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Top 10 New Food Recipes

Written by: Catalogs.com Editorial Staff

September 20, 2012
Filed Under Food 

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new recipesContributed by Info Guru Aurora LaJambre

Food funks happen to the best of us: You find yourself making the same handful of recipes week after week.

These top 10 new food recipes feature healthy foods, lesser known grains and nutritious spices to makeover old favorites.


10. Quinoa and Black Beans

quinoa

Quinoa is one of those grains we’ve heard a lot about for the last few years because it’s low in sodium and cholesterol, but high in Manganese, Magnesium and Phosphorous. With the right ratio of water or vegetable broth and heat, you get a light, nutty grain for salads or to replace rice. Quinoa comes from South America and lends a lighter touch to beans and rice. Give this simple dish from All Recipes a try, and be sure to top it off with a handful of fresh cilantro.

9. Okra

okra

Okra gets a bad name due to certain words often used to describe it (slimy anyone?), but don’t write it off just yet. Around August, pluck the smallest ones you can find from the farmer’s market. Wash well and slice into ¼ inch pieces. In a stock pot, throw in an equal amount of peeled and chopped mini eggplant with tomatoes and enough water to keep it from sticking. Add salt, cumin, ginger and pepper and cook on medium low for about 30 minutes.

8. Creamy Avocado Salad

creamy avocado salad

Can we interest you in an addictive salad that will feel more like an indulgence than a healthy meal? Try Sarah’s Cucina Bella recipe for a creamy salad with black beans, red peppers, corn, avocado and cilantro. Always start with fresh avocados that are not too soft or too hard for the best result. And top it off with a spicy pepper sauce for a delicious kick.

7. Sautéed Kale

kale

Kale is a significant source of Protein, Vitamin E, Iron, Thiamin, dietary fiber and many other vitamins and minerals. Sautéed kale is a super simple recipe: Caramelize onions in a non-stick pan, and then tear the leaves from the thick stem and tear again into bite-size pieces. Add enough water to coat the bottom of the pan. Simmer with sesame oil, rice vinegar and 1tsp ginger for about 10 minutes.

6. Momofuku’s Ginger-Scallion Noodles with Tofu

noodles with tofu

If you don’t like tofu because of its texture or lack of flavor, you simply haven’t found the right new food recipe. Fortunately, Serious Eats shares one of Momofuku’s recipes for mouth-watering tofu with savory Asian noodles. The trick with tofu is to sandwich thin slices between the bottoms of two saucers to squeeze excess water. The more water you squeeze out, the more marinade the tofu will absorb.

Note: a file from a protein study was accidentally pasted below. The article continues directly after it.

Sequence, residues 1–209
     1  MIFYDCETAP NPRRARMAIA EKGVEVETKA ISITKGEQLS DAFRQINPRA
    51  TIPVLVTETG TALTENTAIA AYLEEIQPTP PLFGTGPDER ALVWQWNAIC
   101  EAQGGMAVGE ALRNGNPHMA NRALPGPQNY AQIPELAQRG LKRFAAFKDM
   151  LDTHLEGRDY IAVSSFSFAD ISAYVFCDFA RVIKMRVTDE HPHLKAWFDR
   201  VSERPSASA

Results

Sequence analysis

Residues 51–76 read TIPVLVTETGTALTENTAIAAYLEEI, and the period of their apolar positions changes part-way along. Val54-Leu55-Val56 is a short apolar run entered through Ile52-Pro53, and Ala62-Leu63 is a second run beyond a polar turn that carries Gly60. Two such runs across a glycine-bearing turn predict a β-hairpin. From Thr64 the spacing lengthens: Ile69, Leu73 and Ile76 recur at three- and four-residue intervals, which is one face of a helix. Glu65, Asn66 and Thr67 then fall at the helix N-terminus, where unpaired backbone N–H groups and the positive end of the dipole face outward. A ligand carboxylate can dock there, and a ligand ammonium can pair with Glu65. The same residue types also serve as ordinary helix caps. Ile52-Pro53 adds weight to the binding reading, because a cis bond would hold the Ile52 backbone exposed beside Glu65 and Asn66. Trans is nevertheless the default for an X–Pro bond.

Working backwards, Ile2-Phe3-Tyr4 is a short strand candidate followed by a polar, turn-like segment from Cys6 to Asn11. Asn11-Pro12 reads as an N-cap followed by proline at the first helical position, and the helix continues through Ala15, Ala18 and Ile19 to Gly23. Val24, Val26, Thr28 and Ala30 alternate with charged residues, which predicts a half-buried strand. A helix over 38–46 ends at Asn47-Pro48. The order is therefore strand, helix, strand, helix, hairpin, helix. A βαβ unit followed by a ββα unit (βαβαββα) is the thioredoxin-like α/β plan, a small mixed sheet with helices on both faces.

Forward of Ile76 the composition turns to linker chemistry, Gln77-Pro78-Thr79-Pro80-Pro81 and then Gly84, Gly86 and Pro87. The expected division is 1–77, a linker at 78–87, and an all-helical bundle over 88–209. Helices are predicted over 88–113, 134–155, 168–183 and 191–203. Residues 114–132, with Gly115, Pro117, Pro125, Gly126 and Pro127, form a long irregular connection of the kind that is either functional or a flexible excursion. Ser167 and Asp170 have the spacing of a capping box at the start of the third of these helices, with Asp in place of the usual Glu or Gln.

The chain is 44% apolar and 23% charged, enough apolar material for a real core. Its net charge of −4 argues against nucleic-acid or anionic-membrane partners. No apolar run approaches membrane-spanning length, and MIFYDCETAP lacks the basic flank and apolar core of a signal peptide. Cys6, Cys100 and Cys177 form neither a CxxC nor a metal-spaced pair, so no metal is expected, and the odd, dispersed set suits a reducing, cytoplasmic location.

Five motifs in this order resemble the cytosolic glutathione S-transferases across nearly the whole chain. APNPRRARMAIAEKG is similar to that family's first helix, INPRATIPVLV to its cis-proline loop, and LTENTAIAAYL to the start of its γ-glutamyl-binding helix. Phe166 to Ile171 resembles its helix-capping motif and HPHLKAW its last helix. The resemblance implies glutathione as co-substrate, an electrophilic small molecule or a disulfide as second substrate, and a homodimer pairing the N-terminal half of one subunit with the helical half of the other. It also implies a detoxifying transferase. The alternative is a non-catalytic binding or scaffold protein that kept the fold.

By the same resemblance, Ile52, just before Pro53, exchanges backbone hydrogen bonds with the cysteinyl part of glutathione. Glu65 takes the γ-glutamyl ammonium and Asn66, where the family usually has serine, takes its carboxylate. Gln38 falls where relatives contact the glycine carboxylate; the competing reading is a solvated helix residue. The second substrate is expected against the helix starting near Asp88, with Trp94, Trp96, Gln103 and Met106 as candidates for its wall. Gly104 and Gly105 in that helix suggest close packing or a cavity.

5. Kasha Veggie Pilaf

kasha veggie pilaf

Kasha is a go-to grain in Eastern Europe, but not nearly as common in the United States. It comes in a few different forms including ground, medium and whole. Whole kasha works best if you want to try it as a rice substitute. For a simple pilaf, cook it in a pot with vegetable stock, bay leaf and chopped onions, currants, garlic, bell peppers and peas.

4. Saag

saag

Not all new recipes have to come from unfamiliar ingredients. Saag is a traditional Indian spinach dish that’s full of flavor and nutrition. Cook down chopped onions with oil, chilies, turmeric, garlic, cumin, mustard seeds and ginger. Once onions are clear, add in chopped tomatoes and spinach. Cover and cook on medium for 10 minutes. You can puree it for creamy consistency, and then mix in chickpeas, lemon juice and a pinch of salt. Serve with rice.

3. Roasted Cauliflower

roasted cauliflower

Cauliflower is an incredibly versatile vegetable that tastes just as good grilled as it does roasted, curried, pureed or sliced and baked as “steaks”. On the sweeter side, check out Michael Ruhlman’s recipe and bake it on a large non-stick baking pan with a sprinkle of brown butter, oil and salt. Chop and spread on top of mashed butternut squash and sautéed spinach.

2. Tempeh Ruebin

tempeh

Tempeh is a soy protein from Indonesia. Its firm texture and nutty flavors are unique from other non-meat proteins. A simple, tasty way to prepare a tempeh lunch is to slice it into ½ inch thick slices. Cook on both sides in a pan with olive oil and sliced onions until it browns. Melt Swiss on top then build a sandwich on bread or in a folded corn tortilla (gluten-free). Layer Tempeh, onions, sauerkraut and Thousand Island dressing.

1. Miso Mashed Potatoes

miso mashed potatoes

Known for delivering the somewhat elusive taste known as umami, miso will completely transform old favorites, like mashed potatoes. All you need to do for this new food recipe is to add miso paste to your existing recipe just before you do the mashing. Steamy Kitchen breaks down the steps picture by picture.



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